HomeLifestyleHealth & WellnessBehavioral Health And Recovery Services accepting Public Comment On Fiscal Year

Behavioral Health And Recovery Services accepting Public Comment On Fiscal Year

CVV News l May 1, 2023

Merced County Behavioral Health and Recovery Services (MCBHRS) has opened a 30-day public viewing and comment period for its Mental Health Services Act (MHSA) – Fiscal Year 2023-2024 to 2025-2026 Three-Year Program and Expenditure Plan. Welfare and Institutions Code (WIC) Section 5847 states that county mental health programs shall prepare and submit Three-Year Program and Expenditure Plans and Annual Updates for MHSA programs and expenditures. Welfare and Institutions Code (WIC) 5848 states the Behavioral Health Advisory Board shall conduct a public hearing on the draft Three-Year Program and Expenditure Plan or Annual Update at the close of the 30-day public review and comment period. MHSA Plans and Annual Updates must be adopted by the County Board of Supervisors and submitted to the Mental Health Services Oversight and Accountability Commission (MHSOAC) and the Department of Health Care Services (DHCS) within 30 days after Board of Supervisors adoption.

The MHSA Fiscal Year 2023-2024 to 2025-2026 Three-Year Program and Expenditure Plan and Public Comment form will be posted on the MCBHRS Department website at: Services-Act. Residents may download the document from the website or request an electronic version of the document by emailing The public can also request a hard copy of the documents by contacting the department at (209) 381-6800 ext. 3611 or toll free at 1-866-626-6472. A Public Hearing is scheduled for June 6, 2023 as part of the Merced County Behavioral Health Advisory Board Meeting. The meeting will be held in person. The Public Hearing will start at 5:15 p.m. Upon request, interpretative assistance will be available to Spanish and Hmong speaking residents.

To provide input, recommendations and comments, please call (209) 381-6800 ext. 3611 or complete a Public Comment form and either email the completed form to or mail or hand deliver it to MCBHRS.

For more information regarding Merced County, please visit our website at

Merced County Accepting Applications for its 2023 Volunteer Recognition Program

CVV News | March 2023

Merced County is now accepting applications for its 2023 Volunteer Recognition Program.

Established by the Board of Supervisors in 1999, the annual program is a time for the County to say “thank you” to the many volunteers in our community that go above and beyond in their service while enhancing the surrounding community.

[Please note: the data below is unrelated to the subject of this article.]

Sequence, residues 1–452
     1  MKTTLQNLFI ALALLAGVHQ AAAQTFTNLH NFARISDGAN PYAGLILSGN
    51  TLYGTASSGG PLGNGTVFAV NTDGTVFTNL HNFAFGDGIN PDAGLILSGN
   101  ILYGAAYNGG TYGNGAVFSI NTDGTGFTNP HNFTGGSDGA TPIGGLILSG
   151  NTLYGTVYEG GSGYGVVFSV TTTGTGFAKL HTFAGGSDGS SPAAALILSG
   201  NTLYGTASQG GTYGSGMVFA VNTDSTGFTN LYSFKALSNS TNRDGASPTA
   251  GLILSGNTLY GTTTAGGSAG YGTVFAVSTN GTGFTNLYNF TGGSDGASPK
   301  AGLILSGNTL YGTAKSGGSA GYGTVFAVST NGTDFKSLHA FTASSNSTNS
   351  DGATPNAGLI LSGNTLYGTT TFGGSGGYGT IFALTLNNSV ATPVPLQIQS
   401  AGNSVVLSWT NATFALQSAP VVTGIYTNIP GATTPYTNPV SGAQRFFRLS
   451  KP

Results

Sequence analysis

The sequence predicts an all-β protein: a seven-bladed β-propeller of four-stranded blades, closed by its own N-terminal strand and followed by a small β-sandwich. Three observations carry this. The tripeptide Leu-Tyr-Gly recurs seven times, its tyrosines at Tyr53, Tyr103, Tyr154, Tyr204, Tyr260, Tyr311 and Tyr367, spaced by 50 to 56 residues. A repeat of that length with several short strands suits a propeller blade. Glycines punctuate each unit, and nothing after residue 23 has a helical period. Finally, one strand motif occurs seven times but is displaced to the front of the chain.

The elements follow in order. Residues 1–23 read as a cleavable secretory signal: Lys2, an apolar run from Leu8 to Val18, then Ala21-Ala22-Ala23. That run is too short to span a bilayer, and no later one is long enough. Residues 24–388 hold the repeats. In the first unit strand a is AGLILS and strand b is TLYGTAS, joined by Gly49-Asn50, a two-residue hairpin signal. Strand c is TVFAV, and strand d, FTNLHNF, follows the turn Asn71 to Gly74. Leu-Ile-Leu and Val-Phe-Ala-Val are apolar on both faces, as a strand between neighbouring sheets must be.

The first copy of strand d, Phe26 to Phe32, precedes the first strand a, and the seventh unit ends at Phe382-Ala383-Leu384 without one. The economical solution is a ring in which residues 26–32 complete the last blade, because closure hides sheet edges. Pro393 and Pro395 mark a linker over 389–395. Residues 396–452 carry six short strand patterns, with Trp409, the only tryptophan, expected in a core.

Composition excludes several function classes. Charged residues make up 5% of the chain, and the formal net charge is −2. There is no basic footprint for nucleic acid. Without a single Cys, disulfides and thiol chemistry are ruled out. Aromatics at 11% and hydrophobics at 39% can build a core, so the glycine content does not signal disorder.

Nominations can include either groups or individual volunteers. Applications will be screened by an external advisory committee, and winners (two per supervisorial district) will be recognized during the April 25, 2023 Board of Supervisors meeting at 6 p.m.

Nominations can be made online. A printable nomination form is also available at that webpage. All nomination forms must be received by 5 p.m. Monday, April 3, 2023 to be considered for this year’s program. Should you have any questions regarding the nomination process, please contact Merced County Public Information Officer Mike North at (209) 726-2744.

Please note: to qualify for the program, nominees must donate their time/service without pay or other compensation. Volunteers to political efforts, elected/appointed officials, and declared candidates are ineligible.

Central Valley Voice
Central Valley Voice
Felicia Roberts took an idea gathered a few people to reached into a minority community to highlight the positive, using a minority newspaper the Central Valley Voice. Roberts was joined by her sisters Carolyn Williams, Alleashia Thomas, niece Hermonie Lynn Williams, nephew Ron Williams, cousin Jerald Lester, Jay Slaffey, Greg Savage, Tim Daniels and the late J Denise Fontaine. Each individual played an important role in the birth of the newspapers. Since, then many have stood strong behind the success of the newspapers and its goal to fill a void in the Central Valley community The Central Valley Voice published their 1st issue in November 1991. Its purposed was to highlight the achievements of minorities in the Central Valley. The Voice focuses on the accomplishments of African Americans and Hispanics giving young people role models while diminishing the stereotypical pictures of gangs, crime and violence that permeate the minority communities. Since 1991, the Central Valley Voice has provided an important voice for the minority community throughout the Madera, Merced. Stanislaus and San Joaquin counties.

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